Monday, July 27, 2015

Bridget Foley's "Hugo & Rose"

Bridget Foley has always loved storytelling. She's the author of several screenplays and is often featured on annual industry best-of lists.

Here she shares some insights about a big screen adaptation of Hugo & Rose, her first novel:
I lived in Hollywood for 13 years.

That means I know first hand that the correct answer to the question, “Who do you want to star in the movie of your book?” is “Whoever the hell gets it made.”

That sounds jaded.

And I guess it is… a little.

But here’s what’s likely to happen if you ask anyone who has had a front row seat to the making of a film if they still believe in the “magic” of movies.

They will tell you that the magic died the day they realized that all filmmaking is a series of devastating compromises, budget considerations and jurassic egos.

Watch enough movies get made and you stop believing in the magic of movies and you start believing in the miracle of movies.

Movies are gargantuan efforts put forth by hundreds of people. Even the tight ships are a mess.

And good movies? Movies like The Godfather or Alien? Movies where God kissed the director on the head and said, “Go forth and film, my child, for I have blessed you with the perfect cast, editor and composer.” These films are something more than miracles. We need a new word for what they are. Benefilms. Or Miraculcinema.

The Germans probably already have a word for it, though I doubt I can pronounce it.

Work (or try to work) in Hollywood long enough and you’ll notice all your main characters have a way of evolving into the AMORPHOUS 30 to 50 YEAR OLD MALE that encompasses anyone who can get financing. Chris Pratt and Liam Neeson aren’t anything alike, but I guarantee you both Darkman and Starlord are on dozens of lists as potential leads for the same role.

In fact, I’m working on a script starring Amorphous Male right now.

(This isn’t a joke.)

But I couldn’t do that to Hugo & Rose.

In fact, the reason my book is a book is because it’s a woman’s story. There were many reasons I didn’t write it as a screenplay, but way down on the list (#64) is the fact that I didn’t want to have to explain to executives who loved the idea of two people who dream of each other every night and then finally meet in real life that the story belonged to the person who had the most at stake.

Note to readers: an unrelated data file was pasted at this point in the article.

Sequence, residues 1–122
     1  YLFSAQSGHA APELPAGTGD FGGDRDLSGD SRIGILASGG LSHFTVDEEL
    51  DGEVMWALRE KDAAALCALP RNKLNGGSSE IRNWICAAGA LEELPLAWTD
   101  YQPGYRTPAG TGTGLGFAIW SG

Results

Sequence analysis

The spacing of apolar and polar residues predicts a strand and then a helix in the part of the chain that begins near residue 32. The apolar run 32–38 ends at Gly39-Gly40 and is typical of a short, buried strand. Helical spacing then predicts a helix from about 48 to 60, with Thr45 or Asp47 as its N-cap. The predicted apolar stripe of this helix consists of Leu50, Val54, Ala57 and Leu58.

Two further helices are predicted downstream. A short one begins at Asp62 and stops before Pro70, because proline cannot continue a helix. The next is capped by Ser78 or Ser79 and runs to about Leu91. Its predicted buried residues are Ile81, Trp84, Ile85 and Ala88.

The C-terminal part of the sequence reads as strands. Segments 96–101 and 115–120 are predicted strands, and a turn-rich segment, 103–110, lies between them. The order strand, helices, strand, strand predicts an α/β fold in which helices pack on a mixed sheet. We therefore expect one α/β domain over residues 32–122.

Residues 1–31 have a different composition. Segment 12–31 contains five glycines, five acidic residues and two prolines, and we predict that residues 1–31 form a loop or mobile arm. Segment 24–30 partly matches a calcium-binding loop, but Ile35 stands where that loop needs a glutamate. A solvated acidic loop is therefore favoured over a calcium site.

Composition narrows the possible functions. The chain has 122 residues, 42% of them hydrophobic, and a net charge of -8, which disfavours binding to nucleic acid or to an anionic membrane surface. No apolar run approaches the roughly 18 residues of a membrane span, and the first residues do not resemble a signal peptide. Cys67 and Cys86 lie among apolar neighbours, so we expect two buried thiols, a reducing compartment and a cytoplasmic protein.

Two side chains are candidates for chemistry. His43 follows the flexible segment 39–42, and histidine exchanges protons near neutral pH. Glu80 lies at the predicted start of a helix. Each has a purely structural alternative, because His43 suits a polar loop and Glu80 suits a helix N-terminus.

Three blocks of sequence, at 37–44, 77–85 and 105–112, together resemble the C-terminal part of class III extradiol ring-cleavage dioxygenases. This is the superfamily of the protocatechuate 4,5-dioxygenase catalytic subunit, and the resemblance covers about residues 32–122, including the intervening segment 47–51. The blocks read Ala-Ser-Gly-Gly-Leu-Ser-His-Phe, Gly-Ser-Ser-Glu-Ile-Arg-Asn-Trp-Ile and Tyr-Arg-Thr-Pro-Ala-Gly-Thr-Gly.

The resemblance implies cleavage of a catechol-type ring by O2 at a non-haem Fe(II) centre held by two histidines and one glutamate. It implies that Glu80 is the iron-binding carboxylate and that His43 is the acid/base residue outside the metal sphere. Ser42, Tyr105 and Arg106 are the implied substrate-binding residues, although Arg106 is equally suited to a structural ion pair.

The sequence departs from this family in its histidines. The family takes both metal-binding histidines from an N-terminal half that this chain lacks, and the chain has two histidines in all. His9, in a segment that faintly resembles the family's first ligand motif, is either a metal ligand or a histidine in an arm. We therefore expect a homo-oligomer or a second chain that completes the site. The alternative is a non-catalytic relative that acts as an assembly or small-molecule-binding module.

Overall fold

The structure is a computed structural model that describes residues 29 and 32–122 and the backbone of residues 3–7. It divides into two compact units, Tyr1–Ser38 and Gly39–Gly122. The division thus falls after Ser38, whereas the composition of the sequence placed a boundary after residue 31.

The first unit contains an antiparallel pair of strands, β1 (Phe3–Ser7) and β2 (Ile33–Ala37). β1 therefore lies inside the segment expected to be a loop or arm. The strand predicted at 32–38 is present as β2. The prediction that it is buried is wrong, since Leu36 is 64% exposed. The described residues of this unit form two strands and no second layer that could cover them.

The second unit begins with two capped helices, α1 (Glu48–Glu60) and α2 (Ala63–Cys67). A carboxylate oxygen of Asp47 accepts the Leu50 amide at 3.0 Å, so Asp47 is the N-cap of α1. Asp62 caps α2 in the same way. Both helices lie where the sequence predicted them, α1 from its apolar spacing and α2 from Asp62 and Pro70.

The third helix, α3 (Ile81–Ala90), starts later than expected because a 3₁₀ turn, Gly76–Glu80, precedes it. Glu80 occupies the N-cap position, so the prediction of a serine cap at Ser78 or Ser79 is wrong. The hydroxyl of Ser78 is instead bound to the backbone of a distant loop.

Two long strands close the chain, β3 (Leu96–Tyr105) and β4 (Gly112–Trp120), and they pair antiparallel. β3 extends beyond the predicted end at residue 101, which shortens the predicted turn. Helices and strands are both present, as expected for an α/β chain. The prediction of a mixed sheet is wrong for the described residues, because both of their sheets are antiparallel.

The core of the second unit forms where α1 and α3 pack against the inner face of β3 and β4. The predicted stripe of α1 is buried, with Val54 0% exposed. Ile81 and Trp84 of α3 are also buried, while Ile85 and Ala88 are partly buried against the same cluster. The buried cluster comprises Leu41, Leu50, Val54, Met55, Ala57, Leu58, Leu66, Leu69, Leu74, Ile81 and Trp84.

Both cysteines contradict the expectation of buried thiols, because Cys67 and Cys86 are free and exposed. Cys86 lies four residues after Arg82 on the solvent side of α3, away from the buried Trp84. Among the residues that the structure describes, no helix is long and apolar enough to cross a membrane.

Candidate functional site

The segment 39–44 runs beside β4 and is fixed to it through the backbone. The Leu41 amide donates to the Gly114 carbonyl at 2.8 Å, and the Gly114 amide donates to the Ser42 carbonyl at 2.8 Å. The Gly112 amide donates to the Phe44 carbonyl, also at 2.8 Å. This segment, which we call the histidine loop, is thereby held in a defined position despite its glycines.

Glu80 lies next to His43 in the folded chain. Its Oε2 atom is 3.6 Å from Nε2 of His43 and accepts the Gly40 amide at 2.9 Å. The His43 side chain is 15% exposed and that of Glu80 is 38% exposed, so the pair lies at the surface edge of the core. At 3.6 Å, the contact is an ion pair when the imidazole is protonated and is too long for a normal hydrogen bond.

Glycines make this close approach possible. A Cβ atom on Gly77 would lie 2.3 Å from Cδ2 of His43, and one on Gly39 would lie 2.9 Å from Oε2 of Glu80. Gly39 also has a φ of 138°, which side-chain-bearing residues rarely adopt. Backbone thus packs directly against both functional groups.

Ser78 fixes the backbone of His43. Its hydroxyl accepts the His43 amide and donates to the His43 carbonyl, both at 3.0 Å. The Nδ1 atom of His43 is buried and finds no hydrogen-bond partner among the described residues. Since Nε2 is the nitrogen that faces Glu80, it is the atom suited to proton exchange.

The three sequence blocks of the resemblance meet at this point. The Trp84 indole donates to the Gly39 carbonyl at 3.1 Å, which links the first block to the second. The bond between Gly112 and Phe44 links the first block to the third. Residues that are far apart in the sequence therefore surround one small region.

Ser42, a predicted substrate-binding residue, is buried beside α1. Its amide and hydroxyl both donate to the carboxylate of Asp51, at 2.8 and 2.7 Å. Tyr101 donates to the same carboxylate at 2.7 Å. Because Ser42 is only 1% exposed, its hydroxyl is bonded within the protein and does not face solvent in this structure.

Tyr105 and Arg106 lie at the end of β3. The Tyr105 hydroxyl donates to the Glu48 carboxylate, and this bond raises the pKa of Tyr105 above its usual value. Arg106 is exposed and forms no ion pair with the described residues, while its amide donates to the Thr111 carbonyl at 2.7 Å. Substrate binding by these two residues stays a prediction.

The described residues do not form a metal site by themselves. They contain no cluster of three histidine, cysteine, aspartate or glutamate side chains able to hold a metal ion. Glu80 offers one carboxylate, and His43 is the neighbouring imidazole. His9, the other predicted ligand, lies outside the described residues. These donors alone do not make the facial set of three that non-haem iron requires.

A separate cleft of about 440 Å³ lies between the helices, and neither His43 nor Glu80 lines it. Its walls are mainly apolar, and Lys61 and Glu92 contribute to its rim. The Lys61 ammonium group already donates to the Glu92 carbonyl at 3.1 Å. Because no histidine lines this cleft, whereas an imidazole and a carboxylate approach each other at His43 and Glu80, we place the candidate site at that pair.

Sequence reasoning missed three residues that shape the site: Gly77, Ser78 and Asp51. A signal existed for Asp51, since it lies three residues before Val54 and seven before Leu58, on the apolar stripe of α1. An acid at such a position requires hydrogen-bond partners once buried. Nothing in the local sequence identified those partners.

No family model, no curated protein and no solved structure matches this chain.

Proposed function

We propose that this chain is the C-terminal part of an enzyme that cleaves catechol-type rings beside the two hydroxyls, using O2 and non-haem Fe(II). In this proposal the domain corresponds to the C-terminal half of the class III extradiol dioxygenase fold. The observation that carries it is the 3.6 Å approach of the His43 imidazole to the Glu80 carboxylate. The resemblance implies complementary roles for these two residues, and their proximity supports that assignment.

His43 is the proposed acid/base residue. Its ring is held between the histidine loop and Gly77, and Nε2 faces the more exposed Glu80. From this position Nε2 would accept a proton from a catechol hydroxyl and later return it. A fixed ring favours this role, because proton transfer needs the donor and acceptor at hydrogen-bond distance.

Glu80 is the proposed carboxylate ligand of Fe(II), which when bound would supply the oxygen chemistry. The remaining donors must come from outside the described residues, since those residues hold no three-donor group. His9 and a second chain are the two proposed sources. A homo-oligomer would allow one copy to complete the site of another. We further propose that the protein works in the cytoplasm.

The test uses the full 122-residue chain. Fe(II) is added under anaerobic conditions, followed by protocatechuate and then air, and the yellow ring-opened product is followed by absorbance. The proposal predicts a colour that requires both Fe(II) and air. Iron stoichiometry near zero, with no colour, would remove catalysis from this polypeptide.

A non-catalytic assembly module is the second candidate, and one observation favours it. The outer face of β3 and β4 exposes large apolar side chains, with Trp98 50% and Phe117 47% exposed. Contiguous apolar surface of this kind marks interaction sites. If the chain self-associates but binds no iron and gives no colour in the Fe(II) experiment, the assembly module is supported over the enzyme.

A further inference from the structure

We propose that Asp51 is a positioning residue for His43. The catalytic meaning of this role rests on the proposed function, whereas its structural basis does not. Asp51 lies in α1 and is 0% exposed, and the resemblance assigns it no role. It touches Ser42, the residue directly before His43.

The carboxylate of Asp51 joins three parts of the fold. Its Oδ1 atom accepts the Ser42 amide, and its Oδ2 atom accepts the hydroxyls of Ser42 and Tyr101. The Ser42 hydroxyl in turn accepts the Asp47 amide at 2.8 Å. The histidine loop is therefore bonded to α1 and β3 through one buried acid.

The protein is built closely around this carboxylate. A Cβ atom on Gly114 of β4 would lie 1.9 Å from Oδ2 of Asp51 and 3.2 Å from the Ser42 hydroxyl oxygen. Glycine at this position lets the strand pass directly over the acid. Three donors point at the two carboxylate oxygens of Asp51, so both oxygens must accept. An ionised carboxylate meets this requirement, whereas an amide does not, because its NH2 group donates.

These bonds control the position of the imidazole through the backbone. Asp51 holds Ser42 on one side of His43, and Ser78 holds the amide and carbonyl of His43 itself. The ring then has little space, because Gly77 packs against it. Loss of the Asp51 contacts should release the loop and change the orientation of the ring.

Namely the happily married mother of three.

Oh, and did I mention that even though she looks like a super model in the fantastical portions of the book that most of the time Rose is thirty to fifty pounds overweight? And that even though the book features actions scenes with giant monsters, that the edge-of-your-seat stuff comes from scenes in our Rogaine scented reality?

I know there’s only one woman who can green light a movie.

And while I would love to see her gain thirty (okay, eighty) pounds to play Rose, she’s a little busy at the moment fighting hunger, directing movies and being married to Brad Pitt.

But a girl can dream… I mean, I haven’t completely died inside.

Sometimes I think I’d rather like to see Kate and Leo reunited to play Hugo & Rose… not just because they’re spectacular actors, but because there’s this adolescent part of me that just wants that old magic back.

But if I’m honest, the Hollywood survivor in me has a potential cast list that runs from Amy Adams to Melissa McCarthy to Beyonce. None of them is necessarily perfect… but they would be the instant they said yes.

Because that would be more than magic, that would be a miracle.
Visit Bridget Foley's website.

--Marshal Zeringue